tlhIngan-Hol Archive: Wed Feb 06 09:25:28 2002

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Re: Alphabet

>I couldn't think of any possible way to write down how I pronounce o/oh in
>Jon/John to show how different it is to Klingon [ jan ].  I have therefore
>produced a short wav file so you can hear for yourselves and uploaded it to
> do bnot-as_in_Jon.wav
>I'll let you tell me if there's a way you could describe that sound... When
>Children are taught the alphabet phonetically here this is also the sound 
>would expect from a child saying "o" .

This rhymes with my pronunication of 'lawn', and the symbol looks kind of 
like a backward 'c', and is called an open o.  Italian and Portuguese also 
have this sound, although Spanish and Finnish do not (I refer to standard 
versions of these languages).  It's the same sound I make in 'caught' as 
opposed to 'cot', a la my original example.

I would also like to know where 'here' is.


>Your like me. Your British, so you say John/Jon with an "o" sound as in
>"October" or "octopus". There are some American accents which say
>John/Jon with an "a" in it like we say "Khan" or "Palm"... jarn. The
>Klingon "a" is very similar to the "ar" noise. jan is pronounced much
>more like the British way of saying "a". I get accused all the time by
>Americans that I add rs to words that aren't there.

Actually, in my pronunciation (basically Maryland, but with a dash of 
California, Alaska, and now Utah thrown in), 'October' and 'octopus' have 
the same sound in the first syllable as Klingon 'a'.

>This is something I learned very quickly when I moved to this country. A
>lot of the sounds in English are pronounced differently, even from state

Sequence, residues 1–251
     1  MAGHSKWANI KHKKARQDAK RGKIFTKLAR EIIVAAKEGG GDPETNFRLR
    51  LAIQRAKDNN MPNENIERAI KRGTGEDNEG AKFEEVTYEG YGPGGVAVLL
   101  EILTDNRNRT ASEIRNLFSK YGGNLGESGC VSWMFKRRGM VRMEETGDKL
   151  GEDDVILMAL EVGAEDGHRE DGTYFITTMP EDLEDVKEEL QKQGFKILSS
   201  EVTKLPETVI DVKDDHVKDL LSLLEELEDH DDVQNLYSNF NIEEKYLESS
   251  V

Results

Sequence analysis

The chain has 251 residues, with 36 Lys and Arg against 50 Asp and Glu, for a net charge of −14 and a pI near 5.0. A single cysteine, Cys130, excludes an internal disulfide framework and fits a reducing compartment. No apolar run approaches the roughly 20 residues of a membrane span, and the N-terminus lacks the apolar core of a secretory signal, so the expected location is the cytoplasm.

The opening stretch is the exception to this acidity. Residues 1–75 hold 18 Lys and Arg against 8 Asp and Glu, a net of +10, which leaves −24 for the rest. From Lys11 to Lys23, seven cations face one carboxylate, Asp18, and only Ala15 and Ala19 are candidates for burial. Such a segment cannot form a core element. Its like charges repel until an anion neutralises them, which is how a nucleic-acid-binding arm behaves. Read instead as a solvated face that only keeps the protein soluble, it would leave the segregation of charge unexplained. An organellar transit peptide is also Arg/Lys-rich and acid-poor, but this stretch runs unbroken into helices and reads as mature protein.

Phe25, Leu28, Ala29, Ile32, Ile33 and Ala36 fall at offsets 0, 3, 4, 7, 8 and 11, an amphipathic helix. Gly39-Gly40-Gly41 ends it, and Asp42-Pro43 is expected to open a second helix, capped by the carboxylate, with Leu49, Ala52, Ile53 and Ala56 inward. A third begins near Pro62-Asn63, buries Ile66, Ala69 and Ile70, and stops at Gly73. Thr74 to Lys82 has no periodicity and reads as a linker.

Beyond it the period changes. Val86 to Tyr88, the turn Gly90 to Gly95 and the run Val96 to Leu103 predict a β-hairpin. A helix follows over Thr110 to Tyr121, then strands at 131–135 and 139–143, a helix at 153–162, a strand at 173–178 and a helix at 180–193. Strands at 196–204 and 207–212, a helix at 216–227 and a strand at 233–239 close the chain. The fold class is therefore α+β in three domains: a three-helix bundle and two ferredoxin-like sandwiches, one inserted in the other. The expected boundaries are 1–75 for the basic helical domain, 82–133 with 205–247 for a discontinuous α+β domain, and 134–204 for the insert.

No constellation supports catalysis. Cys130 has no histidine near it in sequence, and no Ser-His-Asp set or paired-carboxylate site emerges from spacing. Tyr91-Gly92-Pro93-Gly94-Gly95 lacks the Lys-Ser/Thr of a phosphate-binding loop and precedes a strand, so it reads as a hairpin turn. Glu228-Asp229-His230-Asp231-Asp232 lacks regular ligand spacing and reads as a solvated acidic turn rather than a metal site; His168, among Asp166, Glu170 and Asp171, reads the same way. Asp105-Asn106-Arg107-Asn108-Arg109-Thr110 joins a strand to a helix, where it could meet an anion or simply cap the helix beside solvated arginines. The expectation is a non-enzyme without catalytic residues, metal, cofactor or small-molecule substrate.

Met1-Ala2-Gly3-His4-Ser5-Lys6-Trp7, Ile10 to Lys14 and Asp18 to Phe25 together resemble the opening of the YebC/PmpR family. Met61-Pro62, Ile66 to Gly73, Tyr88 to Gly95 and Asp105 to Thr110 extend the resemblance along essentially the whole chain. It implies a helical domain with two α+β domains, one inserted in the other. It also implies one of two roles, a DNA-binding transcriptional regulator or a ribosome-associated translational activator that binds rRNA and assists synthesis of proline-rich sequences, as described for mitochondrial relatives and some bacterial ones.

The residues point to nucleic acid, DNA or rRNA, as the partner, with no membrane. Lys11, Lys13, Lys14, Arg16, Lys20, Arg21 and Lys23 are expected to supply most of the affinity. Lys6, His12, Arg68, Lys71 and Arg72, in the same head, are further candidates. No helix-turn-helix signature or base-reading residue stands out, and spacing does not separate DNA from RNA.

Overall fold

>to state. Words like "dog", "vehicle", "pen" are pronounced in some
>parts of the Midwest (where I have spent most of my time) "dowg",
>"vee-hic-cle", "pin". It can get very confusing at times. When you head
>north to Wisconsin and Minnesota you start getting long ohs in words,
>like "boat" becomes "bohat", "boots" becomes "boohts", "coke" becomes
>"cohke". It's very strange to me.

"Texas"Daq nenchoH SoSwI'.  "Texas"Daq, "Maryland"Daq je, jaS jatlhlu'.  
be'nI'pu'wI'vaD, jIHvaD je QeHchoHDI', "Texas" Hol jatlhchoH SoSwI'.  
maHagh, qhIq QeHqu'choH SoSwI'.

>In American English the short "a" sound (as in apple) is much more
>common than the long "a" sound (as in father). To show the difference.
>In British English we say "pajamas" with the middle "a" be a long "ar"
>sound, in American English they tend to say, "pajamas" with all the "a"s
>being short "a"s.
>I hope this helps explain things. A suggestion would be, if your not
>American, or were not taught to speak English by Americans, take texts
>(besides TKD) with a pinch of salt. And vice versa. Since coming here I
>learned very quickly that American English and British English are much
>more  different than it first looks.

A very good suggestion.  While it may be difficult for non-American native 
speakers of English to understand Okrand's pronunciation examples, imagine 
how much harder it is for non-native English speakers (and I know there are 
several on the list).

>'ej toH chutmey vIbIvbe'. tlhIngan Hol mu'mey puS vIghItlh. tlhIngan Hol
>Dajatlh DaneHchugh "TKD" yIlo' pagh "CK" "PK" je yI'Ij. tlhIngan Hol
>jatlhwI'pu' yItu'. "microphone" vIghaj 'ej "MSN Messanger" Dalo'chugh
>SoHvaD jIjatlh.

"MSN Messenger" jIghaj jIH je.  pIj vIlo'be' 'ej "microphone" vighajbe', 
'ach "Messenger" lo'chugh tlhIngan Hol jatlhwI', "text chat" vIlo'qang.  
"online" SoHchugh (ghaHchugh vay'), HISovmoH, 'ej "online" jIH je 'e' vInID.

Chat with friends online, try MSN Messenger:

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